BBC NEWS Americas Africa Europe Middle East South Asia Asia Pacific Arabic Spanish Russian Chinese Welsh
BBCi CATEGORIES   TV   RADIO   COMMUNICATE   WHERE I LIVE   INDEX    SEARCH 

BBC NEWS
 You are in:  World: Africa
Front Page 
World 
Africa 
Americas 
Asia-Pacific 
Europe 
Middle East 
South Asia 
-------------
From Our Own Correspondent 
-------------
Letter From America 
UK 
UK Politics 
Business 
Sci/Tech 
Health 
Education 
Entertainment 
Talking Point 
In Depth 
AudioVideo 


Commonwealth Games 2002

BBC Sport

BBC Weather

SERVICES 
Thursday, 14 February, 2002, 01:37 GMT
Zambia's cabbage case could backfire
President Levy Mwanawasa
Mwanawasa said his nickname was invented to discredit him
The editor of Zambia's independent The Post newspaper has denied defaming the country's president.


I think it is going to backfire against Mr Mwanawasa in the end

Fred M'membe, The Post

The editor, Fred M'membe, is expected to appear in court to explain why his paper called the president a cabbage.

However, he has told the BBC he is surprised at Mr Mwanawasa's U-turn.

"When this issue started, Levy [Mr Mwanawasa] was laughing about it. He was telling people jokes," said Mr M'membe.

"[Mr Mwanawasa] once said 'I am a steak not a cabbage'," said the editor.

Then it was regarded as a nice joke, said Mr M'membe.

"Now to criminalise it... I think it is going to backfire against Mr Mwanawasa in the end," he said.

Political motive

Mr M'membe, who was detained and released after several hours on Monday, said he thinks the case could have been politically motivated.

"We are not the first people to publish the story," he said.

Zambia's President Levy Mwanawasa
Defaming Zambia's president is a criminal offence

"In 1992, after the [road] accident, a government minister called him a cabbage."

The police have also issued a summons for Dipak Patel, the opposition lawmaker quoted in The Post article.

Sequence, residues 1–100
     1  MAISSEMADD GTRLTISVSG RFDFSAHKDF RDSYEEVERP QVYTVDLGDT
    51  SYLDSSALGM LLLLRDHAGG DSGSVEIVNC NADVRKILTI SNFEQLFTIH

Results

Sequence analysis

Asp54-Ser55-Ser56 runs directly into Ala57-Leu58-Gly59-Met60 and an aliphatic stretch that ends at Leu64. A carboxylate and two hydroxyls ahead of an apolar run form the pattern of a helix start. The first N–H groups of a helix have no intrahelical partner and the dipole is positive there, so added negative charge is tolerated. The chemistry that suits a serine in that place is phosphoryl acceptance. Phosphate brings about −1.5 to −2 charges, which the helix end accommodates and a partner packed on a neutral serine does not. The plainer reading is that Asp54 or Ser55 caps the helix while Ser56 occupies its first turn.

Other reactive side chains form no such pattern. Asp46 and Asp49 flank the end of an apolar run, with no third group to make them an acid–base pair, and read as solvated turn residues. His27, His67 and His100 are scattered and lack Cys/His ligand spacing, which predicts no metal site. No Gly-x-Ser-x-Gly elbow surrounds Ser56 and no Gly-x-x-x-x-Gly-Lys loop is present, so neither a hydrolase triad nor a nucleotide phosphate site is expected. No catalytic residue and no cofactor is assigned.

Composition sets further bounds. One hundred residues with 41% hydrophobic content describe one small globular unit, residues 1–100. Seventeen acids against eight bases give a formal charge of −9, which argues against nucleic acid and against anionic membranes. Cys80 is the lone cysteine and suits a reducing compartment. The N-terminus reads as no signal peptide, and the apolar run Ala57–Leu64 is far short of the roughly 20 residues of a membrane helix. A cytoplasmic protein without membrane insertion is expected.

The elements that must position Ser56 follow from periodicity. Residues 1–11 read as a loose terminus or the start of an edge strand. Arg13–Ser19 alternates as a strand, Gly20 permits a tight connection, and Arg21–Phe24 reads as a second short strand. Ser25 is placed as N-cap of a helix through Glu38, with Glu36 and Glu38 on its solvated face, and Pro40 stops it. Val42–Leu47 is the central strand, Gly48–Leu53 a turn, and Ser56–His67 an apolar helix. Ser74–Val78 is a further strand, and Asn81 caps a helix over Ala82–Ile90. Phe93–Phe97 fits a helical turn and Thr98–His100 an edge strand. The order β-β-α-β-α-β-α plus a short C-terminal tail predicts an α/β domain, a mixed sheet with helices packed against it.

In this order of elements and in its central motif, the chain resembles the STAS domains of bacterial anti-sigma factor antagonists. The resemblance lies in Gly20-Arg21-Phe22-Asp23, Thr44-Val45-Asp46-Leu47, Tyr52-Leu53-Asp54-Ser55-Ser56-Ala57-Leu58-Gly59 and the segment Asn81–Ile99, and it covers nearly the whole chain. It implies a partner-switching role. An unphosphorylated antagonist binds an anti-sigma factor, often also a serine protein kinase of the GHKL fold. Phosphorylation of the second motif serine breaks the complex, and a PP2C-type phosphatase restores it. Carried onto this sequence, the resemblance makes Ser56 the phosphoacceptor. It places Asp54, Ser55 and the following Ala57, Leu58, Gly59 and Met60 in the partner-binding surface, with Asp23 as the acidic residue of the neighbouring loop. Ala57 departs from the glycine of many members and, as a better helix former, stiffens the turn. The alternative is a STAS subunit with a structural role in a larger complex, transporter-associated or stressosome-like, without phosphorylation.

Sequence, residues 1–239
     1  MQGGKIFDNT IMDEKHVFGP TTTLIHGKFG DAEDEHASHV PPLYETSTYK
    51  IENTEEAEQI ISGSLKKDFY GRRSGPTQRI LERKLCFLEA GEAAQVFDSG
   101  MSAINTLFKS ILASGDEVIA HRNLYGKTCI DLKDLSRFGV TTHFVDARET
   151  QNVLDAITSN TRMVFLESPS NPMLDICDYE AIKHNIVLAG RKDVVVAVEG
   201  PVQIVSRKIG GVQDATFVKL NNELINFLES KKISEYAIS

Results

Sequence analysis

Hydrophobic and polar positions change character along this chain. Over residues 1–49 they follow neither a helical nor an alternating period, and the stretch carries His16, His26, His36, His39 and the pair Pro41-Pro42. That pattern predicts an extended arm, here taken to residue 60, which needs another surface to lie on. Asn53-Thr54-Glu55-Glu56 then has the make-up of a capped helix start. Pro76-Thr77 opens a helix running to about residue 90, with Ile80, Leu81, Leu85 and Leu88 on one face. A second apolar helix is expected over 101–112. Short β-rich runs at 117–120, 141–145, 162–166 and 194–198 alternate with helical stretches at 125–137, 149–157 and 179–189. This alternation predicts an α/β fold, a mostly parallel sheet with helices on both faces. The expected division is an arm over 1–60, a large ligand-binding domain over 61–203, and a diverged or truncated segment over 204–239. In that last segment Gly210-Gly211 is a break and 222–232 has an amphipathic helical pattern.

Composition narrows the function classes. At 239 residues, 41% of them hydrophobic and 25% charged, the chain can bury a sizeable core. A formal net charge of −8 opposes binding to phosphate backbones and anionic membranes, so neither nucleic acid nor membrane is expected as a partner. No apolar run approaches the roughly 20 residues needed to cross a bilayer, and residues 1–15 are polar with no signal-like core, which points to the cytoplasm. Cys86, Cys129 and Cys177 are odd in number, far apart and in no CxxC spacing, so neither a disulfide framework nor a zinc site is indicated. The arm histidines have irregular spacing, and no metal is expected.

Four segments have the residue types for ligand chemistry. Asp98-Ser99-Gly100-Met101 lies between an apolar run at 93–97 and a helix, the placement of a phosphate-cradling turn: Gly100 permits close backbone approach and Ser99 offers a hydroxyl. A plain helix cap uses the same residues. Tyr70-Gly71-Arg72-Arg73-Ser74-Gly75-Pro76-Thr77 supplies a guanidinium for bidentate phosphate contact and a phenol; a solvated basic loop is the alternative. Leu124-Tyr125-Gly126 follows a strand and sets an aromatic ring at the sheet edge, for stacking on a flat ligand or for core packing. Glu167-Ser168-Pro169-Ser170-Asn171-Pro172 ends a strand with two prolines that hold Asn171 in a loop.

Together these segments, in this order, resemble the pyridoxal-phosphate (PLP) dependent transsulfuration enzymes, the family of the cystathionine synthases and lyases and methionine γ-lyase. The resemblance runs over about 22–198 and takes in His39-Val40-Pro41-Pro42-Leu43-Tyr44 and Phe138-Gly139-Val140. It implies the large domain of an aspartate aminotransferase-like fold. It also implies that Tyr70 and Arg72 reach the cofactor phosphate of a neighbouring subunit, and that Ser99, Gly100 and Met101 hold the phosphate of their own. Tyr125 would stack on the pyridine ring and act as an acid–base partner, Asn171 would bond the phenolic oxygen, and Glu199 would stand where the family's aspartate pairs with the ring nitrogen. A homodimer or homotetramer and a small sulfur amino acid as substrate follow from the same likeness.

"My honest view really is that I am not the primary target for this. I believe that the primary target is Dipak."

Nickname

The term "cabbage" had been used as the president's nickname among opposition leaders and civic groups during the run up to December's elections.

The president, who was a successful lawyer before contesting for presidency, is prone to verbal slip-ups and suffered from poor health following a road accident in 1991.


There was no discussion about my ability to perform the job as vice president

Levy Mwanawasa, Zambian president

Mr M'membe says that Zambians have got the right to question their leader's ability to perform his duties.

He says that the president should have dealt with the matter politically, instead of taking the matter to court.

However, it is not clear whether Mr Mwanawasa had ordered the investigation into the alleged defamation case.

Discredit

Speaking on the BBC last week, Mr Mwanawasa said that the nickname was invented by the opposition to "discredit" him after his accident.

But he was appointed to serve as the vice president of Zambia for four years.

"At that time there was no discussion about my ability to perform the job as vice president."

"But now because I am in this position, all of a sudden, the man is confused because of the traffic accident - he is a cabbage," he said.

Zambia's president said he regards the term 'cabbage' as "vaseline - oil that I apply on my body".

Under Zambian law, defaming the head of state is a criminal offence that carries a jail sentence of up to three years.

 WATCH/LISTEN
 ON THIS STORY
Fred M'membe, Zambian editor
"I believe that the primary target is Dipak"
See also:

06 Feb 02 | Africa
Zambian opposition loses key vote
07 Jan 02 | Africa
Familiar look to Zambian cabinet
03 Jan 02 | Africa
Zambian leader's poisoned chalice
Internet links:


The BBC is not responsible for the content of external internet sites

Links to more Africa stories are at the foot of the page.


E-mail this story to a friend

Links to more Africa stories